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When it comes to reducing the carbon footprint, most of the discussion revolves around giving up, such as driving less or using less energy. However, it is an honor to have the resources and time to consider such changes. People still need to go to work and take care of their children. Many communities that have felt the greatest impact of climate change are also dealing with environmental injustice.

Therefore, in addition to lifestyle changes, we also need to invest heavily in unremarkable things such as infrastructure and renovation. As much as 70% of a city’s greenhouse gas emissions come from its buildings, so this is a good starting point. In New York City, a green bank is providing loans to install clean energy and renewable energy projects throughout the city and surrounding areas.

New York Energy Efficiency Corporation (NYCEEC)’s current series of projects include the renovation of JOE NYC’s affordable housing in Brooklyn and Bronx to improve energy efficiency. These upgrades are expected to reduce energy and water costs by 25%. Similarly, the Marcus Garvey Apartments in Brooklyn have added solar panels and energy storage devices to some of their residential buildings to reduce utility costs, improve grid reliability, and provide on-site energy generation in emergency situations (e.g., due to climate change). Changes and increased disasters).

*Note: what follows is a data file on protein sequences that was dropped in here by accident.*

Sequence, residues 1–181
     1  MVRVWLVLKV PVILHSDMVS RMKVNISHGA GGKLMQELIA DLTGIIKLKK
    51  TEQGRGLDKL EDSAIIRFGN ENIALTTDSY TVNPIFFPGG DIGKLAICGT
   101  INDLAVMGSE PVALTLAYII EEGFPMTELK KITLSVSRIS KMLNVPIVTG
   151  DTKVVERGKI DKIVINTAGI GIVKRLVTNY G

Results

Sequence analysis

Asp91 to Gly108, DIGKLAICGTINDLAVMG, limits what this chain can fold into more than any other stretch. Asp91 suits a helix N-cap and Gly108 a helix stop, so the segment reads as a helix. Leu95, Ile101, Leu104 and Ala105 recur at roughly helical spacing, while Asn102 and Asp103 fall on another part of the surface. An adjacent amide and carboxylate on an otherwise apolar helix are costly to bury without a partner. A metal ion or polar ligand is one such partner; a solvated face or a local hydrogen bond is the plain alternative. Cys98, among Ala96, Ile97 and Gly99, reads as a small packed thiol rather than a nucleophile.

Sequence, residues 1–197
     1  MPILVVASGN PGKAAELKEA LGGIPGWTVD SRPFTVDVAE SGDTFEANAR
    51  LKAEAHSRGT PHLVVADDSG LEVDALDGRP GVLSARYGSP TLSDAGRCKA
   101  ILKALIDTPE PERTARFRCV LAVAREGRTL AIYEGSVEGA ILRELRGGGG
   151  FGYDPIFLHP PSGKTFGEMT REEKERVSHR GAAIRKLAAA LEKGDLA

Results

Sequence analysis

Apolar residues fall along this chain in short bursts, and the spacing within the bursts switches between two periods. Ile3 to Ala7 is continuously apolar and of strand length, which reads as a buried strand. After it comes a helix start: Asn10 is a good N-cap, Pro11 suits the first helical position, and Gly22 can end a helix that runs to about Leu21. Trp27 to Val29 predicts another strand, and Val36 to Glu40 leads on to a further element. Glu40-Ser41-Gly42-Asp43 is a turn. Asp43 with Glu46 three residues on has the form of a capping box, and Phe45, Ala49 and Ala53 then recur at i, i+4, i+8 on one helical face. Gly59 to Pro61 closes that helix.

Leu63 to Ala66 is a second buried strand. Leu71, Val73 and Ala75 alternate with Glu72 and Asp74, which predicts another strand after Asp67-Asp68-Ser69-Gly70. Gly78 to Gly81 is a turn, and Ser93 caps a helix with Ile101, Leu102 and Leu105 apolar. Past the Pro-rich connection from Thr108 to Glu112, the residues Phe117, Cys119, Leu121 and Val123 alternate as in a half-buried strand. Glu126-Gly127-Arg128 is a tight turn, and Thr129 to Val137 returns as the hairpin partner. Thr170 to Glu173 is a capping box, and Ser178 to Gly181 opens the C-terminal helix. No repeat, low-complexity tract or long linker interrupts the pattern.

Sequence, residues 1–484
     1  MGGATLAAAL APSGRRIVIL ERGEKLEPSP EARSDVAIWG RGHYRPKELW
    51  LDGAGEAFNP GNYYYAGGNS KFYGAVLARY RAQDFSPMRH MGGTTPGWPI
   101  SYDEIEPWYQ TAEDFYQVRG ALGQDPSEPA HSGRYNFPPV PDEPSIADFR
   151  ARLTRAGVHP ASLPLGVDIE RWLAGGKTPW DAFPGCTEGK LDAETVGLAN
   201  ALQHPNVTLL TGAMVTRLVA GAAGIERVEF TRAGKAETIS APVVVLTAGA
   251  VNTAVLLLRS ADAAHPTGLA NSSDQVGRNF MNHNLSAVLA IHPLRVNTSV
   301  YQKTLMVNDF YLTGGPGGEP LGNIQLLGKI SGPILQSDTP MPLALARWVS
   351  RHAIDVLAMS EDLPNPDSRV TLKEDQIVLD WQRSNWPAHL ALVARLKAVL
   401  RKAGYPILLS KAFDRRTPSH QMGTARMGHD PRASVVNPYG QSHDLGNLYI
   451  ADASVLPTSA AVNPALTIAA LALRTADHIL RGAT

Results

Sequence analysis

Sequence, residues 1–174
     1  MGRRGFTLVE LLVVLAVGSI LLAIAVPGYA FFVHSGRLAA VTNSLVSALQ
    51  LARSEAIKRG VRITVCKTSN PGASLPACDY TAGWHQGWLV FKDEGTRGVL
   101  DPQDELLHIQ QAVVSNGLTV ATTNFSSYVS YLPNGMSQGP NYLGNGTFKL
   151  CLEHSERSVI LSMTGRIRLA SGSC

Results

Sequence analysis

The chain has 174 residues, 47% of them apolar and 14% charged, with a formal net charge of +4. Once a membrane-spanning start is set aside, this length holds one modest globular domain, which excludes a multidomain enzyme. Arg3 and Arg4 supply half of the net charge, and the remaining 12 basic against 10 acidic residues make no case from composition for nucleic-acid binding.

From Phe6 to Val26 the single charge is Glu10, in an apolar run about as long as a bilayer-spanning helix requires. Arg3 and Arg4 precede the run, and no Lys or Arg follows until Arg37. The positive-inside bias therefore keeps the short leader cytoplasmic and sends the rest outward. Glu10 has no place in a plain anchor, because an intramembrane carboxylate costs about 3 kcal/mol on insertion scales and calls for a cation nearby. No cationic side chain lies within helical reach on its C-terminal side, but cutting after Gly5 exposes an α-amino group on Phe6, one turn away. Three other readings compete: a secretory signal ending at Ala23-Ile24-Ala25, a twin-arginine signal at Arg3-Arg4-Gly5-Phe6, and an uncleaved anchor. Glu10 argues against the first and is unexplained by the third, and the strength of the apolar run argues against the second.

These changes will improve the quality of life of the hundreds of people living in these buildings, as well as the quality of life of the millions of people who breathe city air and feel the heat of the city. It will be so seamlessly integrated into their lives that they may not even see these changes. In addition, the cost savings due to reduced energy bills and expenses can be used to repay loans, allowing NYCEEC to provide loans to another community.

NYCEEC has ten years of experience in supporting energy efficiency, rooftop solar and energy storage projects, and is committed to improving people’s lives and reducing their carbon footprint, helping the entire community to become healthier, more resilient and fairer in the face of climate change .




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